Cooke was so confident that the Lakers would win Game 7 at home that he ordered thousands of balloons, which were suspended from the Forum’s rafters, and ready to be released when the Lakers won the title - or so Cooke thought.

“I’ll never forget it,” said Jerry West. “It was the most embarrassing thing I’d ever seen. All it did was hurt us.”

And played right into the Celtics' hands.

But this game is remembered not just for Cooke’s premature celebratory plans but for Wilt Chamberlain, who left the game at the 5:45 mark with a sore knee and remained on the bench despite pleas to his coach Bill Van Breda Kolff to re-enter. It’s also remembered for Celtic Don Nelson’s improbable yet crucial jumper from the free-throw line that hit the rim, rose up and dropped in.

The Celtics managed to hang on for a 108-106 victory and secured the franchise’s 11th championship. It also was the last title for Bill Russell and Sam Jones. Not to be overshadowed was West’s heroic, triple-double performance in defeat -- 42 points, 13 rebounds and 12 assists -- as he earned the first-ever Finals MVP honors. Thirty nine years later, West remains the lone player from a losing team to win such an honor. | Watch

5. Gerald Henderson Steal vs. Lakers
May 31, 1984
Game 2: Celtics 124, Lakers 121 (OT)

It was desperation time at the Garden as the Celtics trailed 113-111 with 18 seconds remaining and the prospect of heading to Los Angeles down 0-2 appearing very much real. With Magic Johnson inbounding the ball to James Worthy and the Lakers looking to run out the clock, it was Gerald Henderson who provided the Garden heroics. Henderson swooped in, picked off Worthy’s soft crosscourt pass to Byron Scott and easily drove in for the layup, tying the game and forcing overtime.

In OT, Henderson once again made a key play, this time finding Scott Wedman on the baseline for a jumper to help the Celtics preserve a 124-121 come-from-behind victory.

For Lakers head coach Pat Riley, Henderson's steal had a devastating impact.

"What will I remember most from that series?,” Riley said later upon reflection. “Simple. Game 2. Worthy's pass to Scott. I could see the seams of the ball, like it was spinning in slow motion, but I couldn't do anything about it.” | Watch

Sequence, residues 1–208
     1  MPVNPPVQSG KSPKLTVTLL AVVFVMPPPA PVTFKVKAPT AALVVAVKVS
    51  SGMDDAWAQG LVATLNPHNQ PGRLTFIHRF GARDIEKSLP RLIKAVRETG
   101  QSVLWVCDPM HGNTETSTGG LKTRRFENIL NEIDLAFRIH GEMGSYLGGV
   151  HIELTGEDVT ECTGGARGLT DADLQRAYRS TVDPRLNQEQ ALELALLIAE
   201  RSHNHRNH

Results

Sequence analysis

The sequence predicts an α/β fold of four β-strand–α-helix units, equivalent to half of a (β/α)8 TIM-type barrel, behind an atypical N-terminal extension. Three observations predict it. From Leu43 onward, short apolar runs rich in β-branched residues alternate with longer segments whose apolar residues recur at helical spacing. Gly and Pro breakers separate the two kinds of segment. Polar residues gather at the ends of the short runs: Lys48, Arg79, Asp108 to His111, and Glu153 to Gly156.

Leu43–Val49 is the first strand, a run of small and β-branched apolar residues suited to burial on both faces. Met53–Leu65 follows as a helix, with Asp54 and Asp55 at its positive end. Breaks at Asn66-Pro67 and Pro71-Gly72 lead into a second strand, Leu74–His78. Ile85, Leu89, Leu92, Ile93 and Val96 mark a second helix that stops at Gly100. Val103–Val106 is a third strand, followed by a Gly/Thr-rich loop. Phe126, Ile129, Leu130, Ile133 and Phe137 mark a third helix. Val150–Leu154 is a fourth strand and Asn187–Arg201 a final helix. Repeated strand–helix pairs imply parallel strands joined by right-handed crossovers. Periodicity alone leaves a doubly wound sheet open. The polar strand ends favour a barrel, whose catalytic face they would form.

6. Jerry West Steal & Game Winner
April 10, 1962
Game 3: Lakers 117, Celtics 115

With the series tied at one game apiece, the first ever Finals game in Los Angeles was one for the ages as a record crowd of 15,180 packed the Sports Arena. (The Fabulous Forum wouldn’t open for another five years.) Jerry West, who tied the game at 115, stole the ball from Sam Jones, who tried to inbound it to teammate Bob Cousy. West drove roughly 30 feet in the game’s final three seconds to score the winning layup at the buzzer.

Despite pleas from the Lakers bench to pull up and shoot, West was very much aware of how much time remained.

"I had deflected the ball on the run," said West. "I knew I would have enough time, because I knew what the shot clock was." | Watch

7. Kareem/Lakers Redemption on the Parquet
June 9, 1985
Game 6: Lakers 111, Celtics 100

It was quite a turn of events for Kareem Abdul-Jabbar. Game 1 of the series saw the 38-year-old center embarrassed not only by his underwhelming stat line of 12 points and three rebounds but the fact that he was badly outplayed by the much quicker Robert Parish. Abdul-Jabbar wasn’t merely a step behind, he was several steps behind "The Chief."

The demoralizing Game 1 defeat ended up being a blessing in disguise as Abdul-Jabbar refocused and recommitted himself to his team. It culminated with a vintage Game 6 performance that saw him score 29 points - 18 in the second half - as the Lakers cruised, 111-100. It was the first time in nine Finals appearances the Lakers defeated the Celtics and victory was especially sweet clinching on the Celtics parquet.

The Lakers finally exonerated the ghosts of the ’84 Finals and the franchise’s seven previous near misses against the storied Celtics. It was redemption time, not only for the Lakers but for Kareem, who at age 38 became the oldest Finals MVP winner and for Johnson, whose long offseason was now a distant memory. | Watch